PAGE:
Re: [sixties-l] re: Steal this movie

From: Jeffrey Apfel (
Date: Wed Jun 07 2000 - 14:51:21 CUT

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    Martin Blank wrote:

    > Jeffrey Apfel wrote:
    > > radman wrote:
    > >
    > > radman says:
    > > anybody else see this thing? is it really that bad?
    > >
    > > No, but when I see a quote like this from the review
    > >
    > > >you not only know what's going to happen, you're already
    > > >wincing at how trite it all seems.
    > >
    > > it reminds me once again of a theme that surfaced in this group way back
    > > in the 1990s: the relative
    > > paucity of powerful films (fiction, too) dealing with the era.
    > why would you look for the sixties in novels (or fiction). the sixties
    > killed the novel, so why would you expect to find the distillation of that
    > experience in a form that had proved to be too small and limited to hold
    > the age the first time around. don't forget what tom wolfe said: "No
    > novelist will be remembered as the novelist who captured the sixties in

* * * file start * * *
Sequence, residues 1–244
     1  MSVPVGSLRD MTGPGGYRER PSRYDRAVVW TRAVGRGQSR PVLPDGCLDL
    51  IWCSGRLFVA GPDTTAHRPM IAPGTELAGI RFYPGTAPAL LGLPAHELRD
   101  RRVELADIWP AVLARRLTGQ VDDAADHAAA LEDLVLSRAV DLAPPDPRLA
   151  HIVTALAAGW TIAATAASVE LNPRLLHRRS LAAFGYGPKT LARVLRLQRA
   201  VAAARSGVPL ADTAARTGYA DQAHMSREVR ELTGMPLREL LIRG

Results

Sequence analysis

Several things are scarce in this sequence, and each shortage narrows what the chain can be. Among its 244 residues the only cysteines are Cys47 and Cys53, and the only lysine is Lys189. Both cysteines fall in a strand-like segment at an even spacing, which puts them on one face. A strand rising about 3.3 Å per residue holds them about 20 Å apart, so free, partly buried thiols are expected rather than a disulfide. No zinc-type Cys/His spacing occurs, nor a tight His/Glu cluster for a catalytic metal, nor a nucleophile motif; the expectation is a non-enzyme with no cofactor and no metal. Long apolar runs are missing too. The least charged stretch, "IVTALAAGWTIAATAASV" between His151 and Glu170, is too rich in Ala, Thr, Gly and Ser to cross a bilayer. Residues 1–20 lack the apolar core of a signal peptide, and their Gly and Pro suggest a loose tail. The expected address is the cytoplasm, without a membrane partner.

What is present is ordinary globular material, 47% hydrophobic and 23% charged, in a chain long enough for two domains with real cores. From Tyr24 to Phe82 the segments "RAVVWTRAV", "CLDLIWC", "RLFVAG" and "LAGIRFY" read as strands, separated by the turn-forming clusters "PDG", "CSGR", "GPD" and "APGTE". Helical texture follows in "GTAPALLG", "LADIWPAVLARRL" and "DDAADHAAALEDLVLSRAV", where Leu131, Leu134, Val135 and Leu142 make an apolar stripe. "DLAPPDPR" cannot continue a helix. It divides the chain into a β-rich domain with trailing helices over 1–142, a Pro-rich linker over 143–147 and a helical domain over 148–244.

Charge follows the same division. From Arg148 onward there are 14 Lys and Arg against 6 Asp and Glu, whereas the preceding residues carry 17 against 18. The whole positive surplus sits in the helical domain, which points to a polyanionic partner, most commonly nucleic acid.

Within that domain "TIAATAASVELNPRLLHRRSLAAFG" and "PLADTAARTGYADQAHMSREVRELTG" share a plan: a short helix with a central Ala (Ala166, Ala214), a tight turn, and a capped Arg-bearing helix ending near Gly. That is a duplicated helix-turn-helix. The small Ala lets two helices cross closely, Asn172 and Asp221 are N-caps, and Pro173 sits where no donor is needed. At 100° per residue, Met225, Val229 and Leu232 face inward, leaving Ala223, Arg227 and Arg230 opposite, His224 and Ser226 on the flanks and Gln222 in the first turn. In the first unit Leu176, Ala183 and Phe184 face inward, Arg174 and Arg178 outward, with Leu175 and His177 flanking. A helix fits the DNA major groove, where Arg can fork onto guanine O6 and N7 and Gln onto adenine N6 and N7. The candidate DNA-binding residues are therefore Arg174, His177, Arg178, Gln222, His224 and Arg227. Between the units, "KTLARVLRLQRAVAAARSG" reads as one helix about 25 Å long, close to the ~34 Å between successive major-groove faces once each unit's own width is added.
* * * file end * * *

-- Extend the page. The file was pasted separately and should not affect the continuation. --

> America." The sixties in america were too 3-dimensional and
    > multi-directional to ever be contained in a two-diminsional as a novel.
    > it's like cmparing the acid test to saul bellow.
    > martin blank

    Interesting point. But even if the sixties finished off the novel, as you
    say, the era seemed kind to film. And in that medium, which seems far from
    straightjacketed in termso of expressive possibilities, there have still been
    few if any direct representations of the era that don't seem hollow, to me at
    least. So is the problem with the limitations of the medium alone, or does it
    extend to issues embedded in audience gestalt?

    To me, the best film embodiments of the sixties ethos--if there is such a
    creature--shows up in films that have nothing to do with the sixties proper.
    I think you find the zeitgeist better in Bonnie and Clyde, The Wild Bunch and
    even The Thomas Crown Affair than you do in The Strawberry Statement.

    In this regard, I liked Peter Biskind's book Easy Riders, Raging Bulls. As I
    recall, he describes a studio system, that, unlike the recording industry, was
    far from quick on its feet and was slow to capitalize on the new market that
    "youth" provided. When the studios finally figured out that something was
    indeed happening, they reversed course and opened the floodgates to newer and
    younger talent, meaning that the sixties got absorbed into Hollywood only in
    the seventies. But even then, while the best films were steeped in a new and
    different set of values shaped by the 3-D acid test of the previous decade,
    little of the acid test itself was committed to film in compelling ways.


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